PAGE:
How Do I Invest in Stocks for the First Time?

First time investing is best preceeded by a lot of reading and asking of questions.

First time investing is best preceeded by a lot of reading and asking of questions.

You finally have a little extra money and you want to start saving for a car, a house, or start building your retirement fund. Unfortunately, there are way too many choices for your investment activities and many of them are so complex they are difficult to understand. High quality common stock, listed on a major exchange like the New York Stock Exchange, or part of a major index like the Dow Jones Industrial Average (DJIA) or the Standard & Poor's 100 or 500 (S&P 100 or S&P 500) are good choices for a first-time investor.

Devote at least six months to learning about investing. Take classes, read books and articles, ask successful investors for advice, and then, go back and read some more. Knowledge is your best protection against the loss of your hard-earned money.

Establish an account with a major online brokerage firm that offers trading tools such as stock screeners that help you narrow your choices according to certain criteria, interactive charting that allows you to perform technical analysis on your selected stocks, company and industry news, and independent research reports. Learn how to use all these tools.

Control your greed impulse and cultivate a skeptical and realistic approach to selecting stocks for investment. It is tempting to hope for a huge profit on your investment, but reality favors losses on more than half of your trades.

Consult a reputable stockbroker or certified financial planner. These professionals can answer your questions and educate you on the process of building a stock portfolio that matches your risk tolerance.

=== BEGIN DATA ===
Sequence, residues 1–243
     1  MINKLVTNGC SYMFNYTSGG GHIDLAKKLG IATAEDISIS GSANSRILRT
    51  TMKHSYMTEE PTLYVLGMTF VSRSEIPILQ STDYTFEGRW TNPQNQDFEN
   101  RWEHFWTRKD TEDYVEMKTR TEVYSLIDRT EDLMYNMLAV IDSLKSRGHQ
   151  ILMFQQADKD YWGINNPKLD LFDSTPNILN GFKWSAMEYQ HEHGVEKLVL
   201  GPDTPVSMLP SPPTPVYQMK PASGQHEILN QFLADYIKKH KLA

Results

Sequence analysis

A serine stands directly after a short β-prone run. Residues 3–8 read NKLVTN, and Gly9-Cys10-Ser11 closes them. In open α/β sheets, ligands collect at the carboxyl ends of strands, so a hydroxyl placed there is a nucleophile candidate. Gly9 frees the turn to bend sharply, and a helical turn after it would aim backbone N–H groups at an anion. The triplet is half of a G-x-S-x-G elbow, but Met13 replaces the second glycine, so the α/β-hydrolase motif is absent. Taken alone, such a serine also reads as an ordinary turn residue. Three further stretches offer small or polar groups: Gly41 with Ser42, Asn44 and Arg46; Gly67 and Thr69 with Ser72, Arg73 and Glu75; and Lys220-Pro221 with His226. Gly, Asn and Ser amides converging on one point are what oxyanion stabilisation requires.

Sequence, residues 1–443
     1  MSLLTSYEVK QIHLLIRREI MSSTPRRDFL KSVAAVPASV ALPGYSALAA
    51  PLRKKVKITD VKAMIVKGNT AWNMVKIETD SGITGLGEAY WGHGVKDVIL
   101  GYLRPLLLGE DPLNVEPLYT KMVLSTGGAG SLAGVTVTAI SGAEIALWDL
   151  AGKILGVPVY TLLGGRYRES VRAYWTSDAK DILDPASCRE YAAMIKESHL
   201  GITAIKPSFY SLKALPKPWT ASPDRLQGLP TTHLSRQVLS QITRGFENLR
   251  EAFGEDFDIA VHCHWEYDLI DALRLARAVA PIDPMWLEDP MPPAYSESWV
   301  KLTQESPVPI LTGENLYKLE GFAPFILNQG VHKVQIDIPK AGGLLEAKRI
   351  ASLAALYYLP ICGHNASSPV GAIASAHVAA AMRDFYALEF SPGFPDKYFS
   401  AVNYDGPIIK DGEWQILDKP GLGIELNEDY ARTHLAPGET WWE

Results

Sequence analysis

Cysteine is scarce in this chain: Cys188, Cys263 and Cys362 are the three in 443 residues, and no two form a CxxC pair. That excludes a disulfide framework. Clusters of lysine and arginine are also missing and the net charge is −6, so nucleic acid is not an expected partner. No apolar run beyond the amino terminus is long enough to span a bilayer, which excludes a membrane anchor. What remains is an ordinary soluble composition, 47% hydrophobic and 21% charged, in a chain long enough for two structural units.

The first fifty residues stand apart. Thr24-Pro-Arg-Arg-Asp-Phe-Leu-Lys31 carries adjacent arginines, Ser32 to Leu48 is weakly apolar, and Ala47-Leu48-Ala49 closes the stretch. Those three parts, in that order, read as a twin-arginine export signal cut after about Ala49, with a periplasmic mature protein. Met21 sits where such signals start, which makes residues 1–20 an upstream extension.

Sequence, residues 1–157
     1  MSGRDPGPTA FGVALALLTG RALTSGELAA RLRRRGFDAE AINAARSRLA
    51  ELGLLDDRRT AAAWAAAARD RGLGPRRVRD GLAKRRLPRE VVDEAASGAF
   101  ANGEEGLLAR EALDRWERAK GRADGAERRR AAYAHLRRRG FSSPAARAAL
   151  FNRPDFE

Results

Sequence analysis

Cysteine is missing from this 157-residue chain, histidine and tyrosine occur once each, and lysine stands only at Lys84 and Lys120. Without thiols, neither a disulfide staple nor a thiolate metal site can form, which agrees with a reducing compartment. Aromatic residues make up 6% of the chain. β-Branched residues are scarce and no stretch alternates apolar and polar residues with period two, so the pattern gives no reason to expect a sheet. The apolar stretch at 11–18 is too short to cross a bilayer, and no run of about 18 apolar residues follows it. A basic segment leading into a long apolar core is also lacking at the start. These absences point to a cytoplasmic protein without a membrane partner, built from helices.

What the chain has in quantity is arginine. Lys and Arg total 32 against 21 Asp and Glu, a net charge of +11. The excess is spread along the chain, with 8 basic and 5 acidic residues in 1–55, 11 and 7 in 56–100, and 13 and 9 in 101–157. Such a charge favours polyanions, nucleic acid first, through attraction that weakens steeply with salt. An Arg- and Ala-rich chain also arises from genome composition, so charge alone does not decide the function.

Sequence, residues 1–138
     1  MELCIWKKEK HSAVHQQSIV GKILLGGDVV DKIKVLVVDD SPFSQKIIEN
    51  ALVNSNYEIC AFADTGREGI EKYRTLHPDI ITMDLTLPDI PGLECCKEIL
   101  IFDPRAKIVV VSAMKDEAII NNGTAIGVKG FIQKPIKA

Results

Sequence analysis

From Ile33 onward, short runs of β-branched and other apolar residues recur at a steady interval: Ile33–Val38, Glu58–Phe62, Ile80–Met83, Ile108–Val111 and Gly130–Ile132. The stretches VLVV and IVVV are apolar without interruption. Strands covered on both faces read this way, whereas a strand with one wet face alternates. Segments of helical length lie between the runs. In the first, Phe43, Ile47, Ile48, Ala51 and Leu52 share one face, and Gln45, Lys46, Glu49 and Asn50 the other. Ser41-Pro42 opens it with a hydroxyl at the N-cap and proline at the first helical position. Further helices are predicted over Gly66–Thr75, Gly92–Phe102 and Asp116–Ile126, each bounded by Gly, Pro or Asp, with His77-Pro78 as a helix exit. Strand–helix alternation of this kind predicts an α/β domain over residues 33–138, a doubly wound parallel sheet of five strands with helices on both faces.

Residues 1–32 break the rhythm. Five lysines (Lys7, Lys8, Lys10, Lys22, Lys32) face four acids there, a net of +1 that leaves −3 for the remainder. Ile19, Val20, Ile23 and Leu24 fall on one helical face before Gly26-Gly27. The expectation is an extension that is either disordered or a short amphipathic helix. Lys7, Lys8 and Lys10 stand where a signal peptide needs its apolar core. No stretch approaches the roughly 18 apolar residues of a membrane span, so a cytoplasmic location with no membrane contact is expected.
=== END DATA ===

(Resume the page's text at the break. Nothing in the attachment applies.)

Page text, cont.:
Decide how much money you can afford to devote to building a stock portfolio. Do not use money that you anticipate needing in the foreseeable future because you don't want to be forced to sell your stock to raise money during a market correction because you may have losses in your positions.


  • Dollar cost averaging is one of the best methods for building a stock portfolio. This strategy involves investing a fixed dollar amount at regular intervals so you limit the risk of investing all your money at a high market price and increase your chances of buying some stock at market lows.


  • Beware of hot stocks and avoid listening to stock tips and emailed hot stock spam. Many of these stocks are part of what is referred to as "pump-and-dump" promotions, which are intended to attract gullible investors so the traders can sell out at profits. Vigilant skepticism is always wise.

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About the Author

Victoria Duff specializes in entrepreneurial subjects, drawing on her experience as an acclaimed start-up facilitator, venture catalyst and investor relations manager. Since 1995 she has written many articles for e-zines and was a regular columnist for "Digital Coast Reporter" and "Developments Magazine." She holds a Bachelor of Arts in public administration from the University of California at Berkeley.

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